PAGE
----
If we ask simple informational questions, such as “What time is it?” we already know a great deal about the form of the answer.  “Half a cup” or “Poughkeepsie” or “grayish green” won’t do for answers in this case.  “Not yet” edges somewhat closer, since it has at least something to do with time.  “4:18 pm” serves very well, whether or not it’s accurate, because it has the form of the kind of answer we seek.  So it satisfies the formal requirement without necessarily satisfying the content requirement.

In the case of “large” questions, though, it can be more difficult to recognize whether an answer even satisfies the formal requirement.  But as The Hitch Hiker’s Guide to the Galaxy insinuates, though we may have an answer,  even one as specific as 42, without its “inciting” question to steady and direct it like a rudder on a boat, an answer by itself may not help us very much.

Mary Oliver notes in one of her poems, “there are so many questions more beautiful than answers.” Living in our questions is one way to keep a spiritual search alive. Resist the craving for an answer too soon. In her poem “Spring,” she asserts, “‘There is only one question:/how to love this world.”  The biggest questions may not have an “answer” in any  sense we expect or demand, but they may nonetheless propel us in necessary or powerful directions, ones we need to travel.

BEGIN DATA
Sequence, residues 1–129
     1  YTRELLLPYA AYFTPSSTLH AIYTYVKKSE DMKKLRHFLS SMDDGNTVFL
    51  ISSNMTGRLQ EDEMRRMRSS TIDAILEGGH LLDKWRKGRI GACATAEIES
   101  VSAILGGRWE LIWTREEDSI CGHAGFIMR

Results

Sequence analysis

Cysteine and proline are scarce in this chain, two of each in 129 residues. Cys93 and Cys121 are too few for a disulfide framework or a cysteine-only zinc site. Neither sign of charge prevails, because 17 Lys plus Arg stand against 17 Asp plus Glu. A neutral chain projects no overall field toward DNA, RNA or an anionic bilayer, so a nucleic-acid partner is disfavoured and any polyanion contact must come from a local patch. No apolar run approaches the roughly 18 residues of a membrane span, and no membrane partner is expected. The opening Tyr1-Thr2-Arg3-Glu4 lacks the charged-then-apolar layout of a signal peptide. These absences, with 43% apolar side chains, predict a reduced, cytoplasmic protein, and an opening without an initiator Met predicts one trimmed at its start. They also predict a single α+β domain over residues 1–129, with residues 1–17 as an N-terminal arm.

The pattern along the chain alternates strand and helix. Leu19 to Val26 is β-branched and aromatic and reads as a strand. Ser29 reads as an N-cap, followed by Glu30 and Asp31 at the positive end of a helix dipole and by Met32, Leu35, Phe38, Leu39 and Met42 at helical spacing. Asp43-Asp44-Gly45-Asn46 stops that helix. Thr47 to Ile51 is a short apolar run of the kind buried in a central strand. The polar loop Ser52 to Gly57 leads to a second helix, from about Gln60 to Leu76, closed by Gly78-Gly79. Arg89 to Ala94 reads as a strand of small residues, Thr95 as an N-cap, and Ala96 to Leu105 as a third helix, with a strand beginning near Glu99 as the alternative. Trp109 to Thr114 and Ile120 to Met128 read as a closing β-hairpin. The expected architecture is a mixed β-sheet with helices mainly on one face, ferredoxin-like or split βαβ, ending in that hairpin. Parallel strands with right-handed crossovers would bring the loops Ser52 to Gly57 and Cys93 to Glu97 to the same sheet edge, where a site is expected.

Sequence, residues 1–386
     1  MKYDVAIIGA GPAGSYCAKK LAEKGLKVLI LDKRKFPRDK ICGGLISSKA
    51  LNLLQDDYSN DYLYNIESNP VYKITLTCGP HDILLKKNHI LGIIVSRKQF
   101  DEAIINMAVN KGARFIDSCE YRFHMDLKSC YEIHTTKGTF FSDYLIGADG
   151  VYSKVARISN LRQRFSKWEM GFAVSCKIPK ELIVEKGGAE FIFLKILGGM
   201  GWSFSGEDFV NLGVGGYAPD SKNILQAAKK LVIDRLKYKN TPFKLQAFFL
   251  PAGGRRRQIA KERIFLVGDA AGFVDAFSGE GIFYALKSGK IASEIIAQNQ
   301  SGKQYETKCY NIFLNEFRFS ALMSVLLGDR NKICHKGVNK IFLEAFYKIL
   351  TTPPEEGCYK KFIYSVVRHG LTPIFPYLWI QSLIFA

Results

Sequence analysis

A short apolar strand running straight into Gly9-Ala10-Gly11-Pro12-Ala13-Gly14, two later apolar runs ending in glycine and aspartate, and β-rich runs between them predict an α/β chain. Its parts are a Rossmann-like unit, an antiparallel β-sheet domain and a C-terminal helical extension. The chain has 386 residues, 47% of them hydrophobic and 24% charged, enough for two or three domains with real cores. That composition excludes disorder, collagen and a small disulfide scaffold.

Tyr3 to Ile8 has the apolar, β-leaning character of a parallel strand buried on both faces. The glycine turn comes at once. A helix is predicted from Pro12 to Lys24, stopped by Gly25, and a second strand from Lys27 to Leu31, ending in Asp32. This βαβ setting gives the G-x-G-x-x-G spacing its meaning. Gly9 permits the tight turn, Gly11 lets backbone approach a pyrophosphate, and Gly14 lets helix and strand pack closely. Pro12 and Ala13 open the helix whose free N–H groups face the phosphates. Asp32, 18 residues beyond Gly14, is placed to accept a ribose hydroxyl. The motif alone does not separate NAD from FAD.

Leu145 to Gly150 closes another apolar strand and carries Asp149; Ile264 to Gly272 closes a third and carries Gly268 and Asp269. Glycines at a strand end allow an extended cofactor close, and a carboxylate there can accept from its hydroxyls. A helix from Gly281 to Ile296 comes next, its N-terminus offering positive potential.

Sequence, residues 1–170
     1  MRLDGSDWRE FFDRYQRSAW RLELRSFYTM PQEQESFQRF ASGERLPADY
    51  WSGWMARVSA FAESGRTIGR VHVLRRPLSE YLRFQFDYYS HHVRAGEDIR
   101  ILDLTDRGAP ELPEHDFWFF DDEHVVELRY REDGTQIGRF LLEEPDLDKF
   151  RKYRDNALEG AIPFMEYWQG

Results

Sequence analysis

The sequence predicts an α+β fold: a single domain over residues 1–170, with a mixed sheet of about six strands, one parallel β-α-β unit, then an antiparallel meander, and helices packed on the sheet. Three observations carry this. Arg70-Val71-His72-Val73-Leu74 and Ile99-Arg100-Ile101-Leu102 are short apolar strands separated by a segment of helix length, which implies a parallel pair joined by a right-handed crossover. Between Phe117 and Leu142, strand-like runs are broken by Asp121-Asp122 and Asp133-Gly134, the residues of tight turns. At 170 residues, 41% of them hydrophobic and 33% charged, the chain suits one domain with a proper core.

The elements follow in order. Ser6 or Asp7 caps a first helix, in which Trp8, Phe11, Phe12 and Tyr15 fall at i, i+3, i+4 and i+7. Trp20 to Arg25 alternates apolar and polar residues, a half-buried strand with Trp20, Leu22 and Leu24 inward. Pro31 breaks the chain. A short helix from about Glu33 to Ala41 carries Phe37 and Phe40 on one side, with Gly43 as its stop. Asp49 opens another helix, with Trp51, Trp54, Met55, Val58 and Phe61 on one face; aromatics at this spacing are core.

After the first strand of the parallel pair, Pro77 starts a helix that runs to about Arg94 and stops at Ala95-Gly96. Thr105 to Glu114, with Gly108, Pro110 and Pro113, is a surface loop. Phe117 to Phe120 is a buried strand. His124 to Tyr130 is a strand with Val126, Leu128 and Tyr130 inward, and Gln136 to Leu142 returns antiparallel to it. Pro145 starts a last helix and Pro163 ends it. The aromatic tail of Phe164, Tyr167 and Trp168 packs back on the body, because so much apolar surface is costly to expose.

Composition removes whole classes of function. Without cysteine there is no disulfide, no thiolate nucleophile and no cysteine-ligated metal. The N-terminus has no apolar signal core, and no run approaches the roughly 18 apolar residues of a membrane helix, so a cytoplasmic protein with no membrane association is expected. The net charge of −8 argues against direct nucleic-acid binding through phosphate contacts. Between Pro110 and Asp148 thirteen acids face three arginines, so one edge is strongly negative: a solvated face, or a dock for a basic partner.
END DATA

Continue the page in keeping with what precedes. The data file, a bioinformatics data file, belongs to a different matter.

Molly’s inquiry is a meta-question – a question about questions.  It asks about quality.  It also assumes the listener might know more than the speaker, at least about questions and their answers.  It implies that another can recognize – and provide – good or worthwhile questions worth asking, can anticipate the kinds of questions you may have, and has good answers.

Now all of this is unfair to load onto a probably offhand and casually teasing question.  But by continuing to ask it, Molly slowly transformed it into a kind of riddle or meditation object, deepening its significance.  What a lesson there!

One kind of answer to that question is also a general one, and sounds like advice for someone setting out on a journey:  ask the best kinds of questions you can, and trust that you also need to seek out your own answers.  Those anyone else can supply, except for day-to-day matters, aren’t really worth your time, except as provisional responses, first approximations to the answers you can best provide for yourself.  Question authority, because some sacred cows stopped giving milk a long time ago.  Question authority to find out if that authority deserves the name — does it feed you stock answers, or does it actually possess the power to lead you toward your own answers?  And better, authorize questions — encourage yourself, and others, to keep asking.

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Image:  cartoon

Religious Operating System (ROS) — Part 4: “Things of Earth”   Leave a comment